Wednesday, January 22, 2014

THE BOOK THIEF - 1 nomination


Music (Original Score) - John Williams (I don't often share this bit of trivia, but this is John Williams' 49th Oscar nomination, 49 nominations, holy moly!  The link that I will provide below to the movie trailer also includes his list of films for which he was nominated.  It's worth it to peruse the list for a minute.  It's practically the history of cinema.  Walt Disney holds the record for most Oscar noms ever with 59.  Will John Williams beat his record?  I bet he will. Ok, I will now stop gushing, but the guy is a genius.)

The Book Thief is an adapted screenplay from the superb book of the same name, which I read a couple of years ago and loved.  Geoffrey Rush and Emily Watson play the adoptive parents of a little girl whose brother has just died and whose mother is running from the Nazis.  Emily Watson's character is tough-minded and mildly verbally abusive, but her love for her family is evident and we see her good side, as well.  Geoffrey Rush is the softer of the two, and takes to fatherhood easily.  He takes the girl, Liesel, under his wing and helps her not only learn to read, but to love reading and learning all at once.  They are two outstanding actors who are both wonderful in their roles.

Eventually, they take in a Jew, Max, who they hide in the basement, and we see the struggle of average Germans who themselves are afraid of every move they make, attending book burnings and speeches supporting Hitler, even when it is clear that they know what's happening is wrong.  To his own detriment, Geoffrey Rush's character refuses to join the Nazi party, so it is left to the mother to earn a living by doing laundry for the wealthy couple in their town, where Liesel is granted access to the vast library in their home.  When Max grows gravely ill, she "borrows" books from the library to read to him in his ailing stupor.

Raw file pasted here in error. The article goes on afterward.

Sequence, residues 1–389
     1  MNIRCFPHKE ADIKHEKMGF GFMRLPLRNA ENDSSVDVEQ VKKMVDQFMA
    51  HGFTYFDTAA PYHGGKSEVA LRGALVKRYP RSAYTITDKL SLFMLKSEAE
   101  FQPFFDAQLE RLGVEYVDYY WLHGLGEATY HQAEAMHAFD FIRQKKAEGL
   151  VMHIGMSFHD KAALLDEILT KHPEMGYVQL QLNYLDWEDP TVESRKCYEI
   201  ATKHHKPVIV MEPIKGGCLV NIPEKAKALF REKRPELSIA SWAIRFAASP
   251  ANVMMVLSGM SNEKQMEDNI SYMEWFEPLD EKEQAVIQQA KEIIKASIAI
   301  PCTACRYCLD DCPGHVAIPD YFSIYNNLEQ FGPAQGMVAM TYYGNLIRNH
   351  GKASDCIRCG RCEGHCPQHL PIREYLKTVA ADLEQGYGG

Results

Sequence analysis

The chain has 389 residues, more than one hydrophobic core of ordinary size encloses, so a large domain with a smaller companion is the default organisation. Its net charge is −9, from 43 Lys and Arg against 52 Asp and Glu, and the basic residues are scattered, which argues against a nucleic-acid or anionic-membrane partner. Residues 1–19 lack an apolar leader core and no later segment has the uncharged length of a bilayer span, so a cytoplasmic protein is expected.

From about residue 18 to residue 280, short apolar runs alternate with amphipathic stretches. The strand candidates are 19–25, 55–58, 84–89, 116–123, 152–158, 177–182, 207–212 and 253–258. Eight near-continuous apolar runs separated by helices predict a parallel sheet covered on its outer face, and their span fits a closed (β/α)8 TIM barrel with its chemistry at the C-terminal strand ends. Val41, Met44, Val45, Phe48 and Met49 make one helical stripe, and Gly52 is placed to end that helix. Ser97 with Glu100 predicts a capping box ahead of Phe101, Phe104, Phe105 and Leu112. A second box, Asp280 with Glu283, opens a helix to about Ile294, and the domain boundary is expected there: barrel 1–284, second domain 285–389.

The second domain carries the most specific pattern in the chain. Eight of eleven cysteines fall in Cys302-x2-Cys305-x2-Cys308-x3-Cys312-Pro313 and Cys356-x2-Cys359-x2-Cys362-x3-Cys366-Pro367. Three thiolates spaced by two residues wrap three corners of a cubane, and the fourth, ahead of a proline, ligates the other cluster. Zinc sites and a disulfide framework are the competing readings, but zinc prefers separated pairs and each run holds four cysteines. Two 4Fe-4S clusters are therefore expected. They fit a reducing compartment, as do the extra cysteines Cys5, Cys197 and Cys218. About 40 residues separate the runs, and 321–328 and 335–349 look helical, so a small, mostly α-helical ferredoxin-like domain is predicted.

Death is the narrator of the story in both the book and the movie.  However, in the movie, it isn't done as well, and if you didn't read the book, I think it will be confusing until the end of the film who is talking and why.  The device worked much better and was much more clear in the book. The characters are appealing, the story is moving, and it's a very good film.  There are parts that are difficult to watch - man's inhumanity to man is always gut-wrenching, but thankfully, we see much more uplifting parts of the human spirit.  It's also refreshing to see a Holocaust-era film that is focused on the lives of ordinary Germans, and not just on its victims.  

The music is beautiful but not very noticeable.  The score is haunting where it should be, and compliments all aspects of the story.  I can see the rationale for the nomination, but even watching the film knowing that the music was the nominee, I couldn't find specific parts where the music was as much of the experience as the story, as it has been in prior nominees like Life of Pi and The Artist, or even reaching further back to Titanic or Schindler's List (that's a John Williams winner).  

Am I right?  We'll see on March 2nd!

Haven't seen the film?
Watch The Book Thief movie trailer

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